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So, I was in the library browsing the LDS book section in the “non-fiction” part of the library.

I found a book that was called An Insider’s View of Mormon Origins or some other such nonsense. It is only “non-fiction” in the sense that people actually said the things quoted in the book although the underlying people quoted were not committed to a non-ficticious rendition of the truth. It is a very one-sided view of LDS Church history as told by people who were against the LDS Church from the very beginning. If all you quote from are enemies of the church, it is not surprising that you may get a skewed and inaccurate view. Just because Grant Palmer has quoted from old sources does not make them accurate or honest. People were fighting against the church before it was ever formally organized.

This book was authored by one Grant Palmer who boasts of having been a three time institute director over his long career with Church Educational Systems. It turns out that he was a “director” of institute in the same way that a self-employed person is the “president” and “CEO” of a company. Technically true, but also misleading if not explained in full context. Grant Palmer was teaching institute in some rural areas of California where he was the only teacher available for the students and therefore the “director” of institute.

Grant Palmer began writing his anti-mormon rantings in the mid-eighties when Mark Hoffman came up with some very skillful forgeries that would seem to undermine the founding events of the church. He was teaching Seminary at Brighton High School and was put on one year’s probation for spreading anti-mormon propaganda among the teachers there. While on probation, he wrote a short anti-mormon book based on the Mark Hoffman forgeries and was then allowed to keep his job as a “volunteer” teaching at a prison. After his retirement, he published the book that is the subject of this post.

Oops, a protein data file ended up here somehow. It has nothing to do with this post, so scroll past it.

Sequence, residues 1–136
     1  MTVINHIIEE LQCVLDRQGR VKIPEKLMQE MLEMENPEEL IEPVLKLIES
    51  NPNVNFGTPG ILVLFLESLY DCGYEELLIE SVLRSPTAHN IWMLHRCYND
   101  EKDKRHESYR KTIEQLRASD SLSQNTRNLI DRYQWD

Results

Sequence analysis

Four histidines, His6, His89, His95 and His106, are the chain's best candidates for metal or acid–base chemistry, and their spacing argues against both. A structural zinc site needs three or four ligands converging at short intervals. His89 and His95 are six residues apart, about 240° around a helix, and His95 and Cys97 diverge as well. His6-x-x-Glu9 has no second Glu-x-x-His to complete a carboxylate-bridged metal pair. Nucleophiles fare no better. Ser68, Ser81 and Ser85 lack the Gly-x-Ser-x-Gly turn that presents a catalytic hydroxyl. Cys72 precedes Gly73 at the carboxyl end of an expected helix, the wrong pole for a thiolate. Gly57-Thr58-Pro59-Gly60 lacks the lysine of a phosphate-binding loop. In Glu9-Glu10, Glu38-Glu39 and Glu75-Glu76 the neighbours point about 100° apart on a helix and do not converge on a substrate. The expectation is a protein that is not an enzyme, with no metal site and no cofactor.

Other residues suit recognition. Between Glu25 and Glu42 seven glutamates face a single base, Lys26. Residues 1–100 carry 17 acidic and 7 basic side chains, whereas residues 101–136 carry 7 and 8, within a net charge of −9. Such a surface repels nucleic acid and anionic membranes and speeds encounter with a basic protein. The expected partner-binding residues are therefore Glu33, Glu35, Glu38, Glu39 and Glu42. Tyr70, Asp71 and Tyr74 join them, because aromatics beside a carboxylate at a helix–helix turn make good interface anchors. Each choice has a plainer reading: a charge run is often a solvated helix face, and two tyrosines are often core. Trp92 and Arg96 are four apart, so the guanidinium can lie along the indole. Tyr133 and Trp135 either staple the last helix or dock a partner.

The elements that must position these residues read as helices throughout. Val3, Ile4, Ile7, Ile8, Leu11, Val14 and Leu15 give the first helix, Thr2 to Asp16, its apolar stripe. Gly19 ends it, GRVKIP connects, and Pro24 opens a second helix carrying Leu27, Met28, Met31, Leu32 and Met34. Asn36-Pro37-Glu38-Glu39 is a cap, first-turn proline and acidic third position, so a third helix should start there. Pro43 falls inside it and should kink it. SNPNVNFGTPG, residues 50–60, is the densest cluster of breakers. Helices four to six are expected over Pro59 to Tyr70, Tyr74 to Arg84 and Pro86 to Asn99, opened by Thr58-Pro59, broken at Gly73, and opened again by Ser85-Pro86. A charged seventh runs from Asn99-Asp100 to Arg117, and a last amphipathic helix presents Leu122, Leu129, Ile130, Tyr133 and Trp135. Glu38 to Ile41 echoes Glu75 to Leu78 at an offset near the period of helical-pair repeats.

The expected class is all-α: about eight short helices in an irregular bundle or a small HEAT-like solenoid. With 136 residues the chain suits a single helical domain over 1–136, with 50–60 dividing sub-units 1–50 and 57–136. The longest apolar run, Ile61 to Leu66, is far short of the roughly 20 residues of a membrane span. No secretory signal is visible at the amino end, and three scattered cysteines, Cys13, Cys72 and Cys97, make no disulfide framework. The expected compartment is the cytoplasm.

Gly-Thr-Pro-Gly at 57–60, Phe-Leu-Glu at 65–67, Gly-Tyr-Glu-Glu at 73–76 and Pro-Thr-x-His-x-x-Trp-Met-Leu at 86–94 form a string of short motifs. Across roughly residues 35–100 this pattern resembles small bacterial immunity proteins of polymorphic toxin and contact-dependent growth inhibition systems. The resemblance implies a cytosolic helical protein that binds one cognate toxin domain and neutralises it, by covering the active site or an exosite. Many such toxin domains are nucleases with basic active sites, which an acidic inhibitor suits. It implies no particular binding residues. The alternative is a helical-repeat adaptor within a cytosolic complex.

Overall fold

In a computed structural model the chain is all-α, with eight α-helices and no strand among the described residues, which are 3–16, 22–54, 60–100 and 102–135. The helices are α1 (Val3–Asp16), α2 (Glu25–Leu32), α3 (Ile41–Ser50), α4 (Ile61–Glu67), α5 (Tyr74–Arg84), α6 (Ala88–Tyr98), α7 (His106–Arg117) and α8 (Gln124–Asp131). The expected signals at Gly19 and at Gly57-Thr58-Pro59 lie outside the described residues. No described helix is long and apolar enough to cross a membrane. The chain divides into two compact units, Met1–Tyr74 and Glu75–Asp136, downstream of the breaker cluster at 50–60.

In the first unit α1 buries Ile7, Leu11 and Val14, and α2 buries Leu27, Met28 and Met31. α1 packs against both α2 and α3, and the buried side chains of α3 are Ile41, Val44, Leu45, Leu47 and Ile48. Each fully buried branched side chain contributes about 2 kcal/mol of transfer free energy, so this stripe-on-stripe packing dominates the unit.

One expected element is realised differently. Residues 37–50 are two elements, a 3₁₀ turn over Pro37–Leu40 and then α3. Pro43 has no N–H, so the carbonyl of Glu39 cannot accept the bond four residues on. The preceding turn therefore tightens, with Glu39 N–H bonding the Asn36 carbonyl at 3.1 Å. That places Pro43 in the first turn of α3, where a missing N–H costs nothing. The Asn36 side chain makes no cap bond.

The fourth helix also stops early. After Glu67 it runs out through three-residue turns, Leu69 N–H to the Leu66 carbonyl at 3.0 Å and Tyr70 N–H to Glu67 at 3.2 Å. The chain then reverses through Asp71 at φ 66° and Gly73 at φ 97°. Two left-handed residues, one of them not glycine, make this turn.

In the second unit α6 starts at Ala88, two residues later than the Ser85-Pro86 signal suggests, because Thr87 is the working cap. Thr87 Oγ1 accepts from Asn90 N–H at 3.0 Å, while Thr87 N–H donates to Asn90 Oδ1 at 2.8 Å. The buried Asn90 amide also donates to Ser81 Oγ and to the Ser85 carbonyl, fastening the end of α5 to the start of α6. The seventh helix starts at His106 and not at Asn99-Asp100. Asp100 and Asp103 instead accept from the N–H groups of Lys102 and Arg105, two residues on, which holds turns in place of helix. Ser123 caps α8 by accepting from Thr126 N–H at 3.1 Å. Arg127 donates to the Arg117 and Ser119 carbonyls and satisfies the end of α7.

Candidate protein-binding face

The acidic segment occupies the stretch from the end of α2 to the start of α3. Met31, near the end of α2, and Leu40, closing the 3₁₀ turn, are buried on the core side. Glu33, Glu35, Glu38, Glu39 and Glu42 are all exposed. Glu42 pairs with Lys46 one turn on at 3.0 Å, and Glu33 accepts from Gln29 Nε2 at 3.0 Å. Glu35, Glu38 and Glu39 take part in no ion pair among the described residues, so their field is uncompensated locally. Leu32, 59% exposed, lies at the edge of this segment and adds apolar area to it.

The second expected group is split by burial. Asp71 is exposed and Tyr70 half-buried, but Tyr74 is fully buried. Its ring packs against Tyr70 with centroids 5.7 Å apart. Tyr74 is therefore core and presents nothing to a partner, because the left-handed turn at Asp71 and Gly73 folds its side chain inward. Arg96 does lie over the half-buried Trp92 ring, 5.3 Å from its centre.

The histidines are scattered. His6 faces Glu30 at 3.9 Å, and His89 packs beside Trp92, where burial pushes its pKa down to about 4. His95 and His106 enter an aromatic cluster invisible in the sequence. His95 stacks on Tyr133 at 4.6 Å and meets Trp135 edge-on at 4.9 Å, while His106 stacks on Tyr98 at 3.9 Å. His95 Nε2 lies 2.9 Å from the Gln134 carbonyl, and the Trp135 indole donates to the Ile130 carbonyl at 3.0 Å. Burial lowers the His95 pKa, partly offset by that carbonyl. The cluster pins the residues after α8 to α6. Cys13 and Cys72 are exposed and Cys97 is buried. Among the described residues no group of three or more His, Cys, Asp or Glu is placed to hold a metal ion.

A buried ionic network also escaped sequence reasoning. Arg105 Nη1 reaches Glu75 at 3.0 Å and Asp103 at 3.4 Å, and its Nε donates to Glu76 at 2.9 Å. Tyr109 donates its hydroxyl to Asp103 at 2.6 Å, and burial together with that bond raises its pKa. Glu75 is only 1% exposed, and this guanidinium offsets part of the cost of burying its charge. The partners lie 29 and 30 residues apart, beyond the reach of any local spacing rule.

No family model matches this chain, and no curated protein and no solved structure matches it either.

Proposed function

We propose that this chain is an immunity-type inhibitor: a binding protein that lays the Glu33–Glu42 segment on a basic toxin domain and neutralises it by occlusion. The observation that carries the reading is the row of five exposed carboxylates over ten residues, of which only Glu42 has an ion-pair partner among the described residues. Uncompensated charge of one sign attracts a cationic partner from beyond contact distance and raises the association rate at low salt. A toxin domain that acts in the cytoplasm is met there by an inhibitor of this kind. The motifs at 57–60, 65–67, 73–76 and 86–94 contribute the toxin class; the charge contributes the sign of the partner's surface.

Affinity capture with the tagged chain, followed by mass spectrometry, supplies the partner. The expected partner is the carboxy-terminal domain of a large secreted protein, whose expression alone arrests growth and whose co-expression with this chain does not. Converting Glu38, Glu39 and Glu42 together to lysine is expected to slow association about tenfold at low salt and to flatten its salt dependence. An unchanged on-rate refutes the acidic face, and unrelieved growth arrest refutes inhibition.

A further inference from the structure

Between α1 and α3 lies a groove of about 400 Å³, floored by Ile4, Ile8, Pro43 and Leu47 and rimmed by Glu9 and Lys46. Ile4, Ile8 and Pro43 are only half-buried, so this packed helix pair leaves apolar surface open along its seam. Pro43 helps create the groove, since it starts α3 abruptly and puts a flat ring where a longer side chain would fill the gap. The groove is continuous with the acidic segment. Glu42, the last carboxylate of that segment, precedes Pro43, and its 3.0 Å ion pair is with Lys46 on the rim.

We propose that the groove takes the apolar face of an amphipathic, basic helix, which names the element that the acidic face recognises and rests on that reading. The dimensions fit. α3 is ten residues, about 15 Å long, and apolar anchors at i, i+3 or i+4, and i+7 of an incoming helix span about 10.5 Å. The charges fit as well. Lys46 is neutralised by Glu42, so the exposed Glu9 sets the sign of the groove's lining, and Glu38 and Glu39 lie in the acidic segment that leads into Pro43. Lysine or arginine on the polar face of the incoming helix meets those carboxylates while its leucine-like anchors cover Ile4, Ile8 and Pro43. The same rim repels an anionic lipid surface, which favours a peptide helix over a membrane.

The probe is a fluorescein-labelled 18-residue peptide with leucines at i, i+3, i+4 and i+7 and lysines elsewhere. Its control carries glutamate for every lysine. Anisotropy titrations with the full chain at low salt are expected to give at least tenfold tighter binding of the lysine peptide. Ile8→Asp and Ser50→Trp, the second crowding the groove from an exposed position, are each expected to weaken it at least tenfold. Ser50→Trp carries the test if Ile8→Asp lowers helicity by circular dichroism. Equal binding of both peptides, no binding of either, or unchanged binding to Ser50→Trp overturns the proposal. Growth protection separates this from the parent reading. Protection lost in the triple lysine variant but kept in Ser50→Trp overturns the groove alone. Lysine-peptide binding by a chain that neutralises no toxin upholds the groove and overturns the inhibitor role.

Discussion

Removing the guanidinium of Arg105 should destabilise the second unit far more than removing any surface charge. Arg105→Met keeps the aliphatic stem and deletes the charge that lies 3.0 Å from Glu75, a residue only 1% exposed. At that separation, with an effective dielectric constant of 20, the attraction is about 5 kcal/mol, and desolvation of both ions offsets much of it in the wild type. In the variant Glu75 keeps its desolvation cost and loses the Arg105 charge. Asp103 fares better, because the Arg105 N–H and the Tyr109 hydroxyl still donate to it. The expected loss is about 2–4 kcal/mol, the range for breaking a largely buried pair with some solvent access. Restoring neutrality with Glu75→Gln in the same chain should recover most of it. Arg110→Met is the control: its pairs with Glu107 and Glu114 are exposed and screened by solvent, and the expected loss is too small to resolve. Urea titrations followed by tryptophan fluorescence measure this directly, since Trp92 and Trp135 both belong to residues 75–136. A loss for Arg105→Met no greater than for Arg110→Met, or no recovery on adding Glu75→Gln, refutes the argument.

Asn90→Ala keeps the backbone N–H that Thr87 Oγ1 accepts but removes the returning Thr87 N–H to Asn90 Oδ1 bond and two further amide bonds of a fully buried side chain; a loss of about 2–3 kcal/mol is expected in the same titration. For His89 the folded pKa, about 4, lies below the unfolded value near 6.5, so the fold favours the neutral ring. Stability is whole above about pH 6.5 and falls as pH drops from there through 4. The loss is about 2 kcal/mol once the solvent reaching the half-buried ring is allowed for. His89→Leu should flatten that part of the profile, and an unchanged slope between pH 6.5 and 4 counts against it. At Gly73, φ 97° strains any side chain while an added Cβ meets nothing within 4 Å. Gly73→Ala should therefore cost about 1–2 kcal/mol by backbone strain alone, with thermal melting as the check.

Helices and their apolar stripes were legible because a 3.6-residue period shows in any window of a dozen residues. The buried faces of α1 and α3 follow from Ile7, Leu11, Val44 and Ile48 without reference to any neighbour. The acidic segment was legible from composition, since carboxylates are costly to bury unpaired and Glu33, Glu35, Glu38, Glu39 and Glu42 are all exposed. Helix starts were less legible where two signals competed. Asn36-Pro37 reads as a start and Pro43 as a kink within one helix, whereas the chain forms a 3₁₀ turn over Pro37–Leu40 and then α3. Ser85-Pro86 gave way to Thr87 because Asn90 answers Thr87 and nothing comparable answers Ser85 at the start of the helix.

To lay in wait for almost 20 years living on the payroll of the LDS Church while polishing his second draft of his anti-mormon screed, then to publish it after taking retirement benefits speaks to the morals of the author. His book does too.

Grant Palmer claims to be seeking understanding and that many church scholars agree with him. Many LDS scholars have stated in no uncertain terms that Grant Palmer is wrong about that assertion. Grant Palmer claims to have a desire to build faith, not to destroy it. With his one-sided and slanted writing, sprinkled with a few token paragraphs here and there to support the church, he really does seek to destroy faith.

I only skimmed the book and it is a complete waste of time. Some would call it “bent” in showing evil as good, and good as evil.

Other than my own observations, the source material for this post comes from BYU scholarship and the Foundation for Ancient Research and Mormon Studies, or FARMS. You can find a listing of FARMS publications regarding Grant Palmer here.

Please avoid this book like the plague. It seems harmless or even helpful to the student of LDS history, but it is not.



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July 2018
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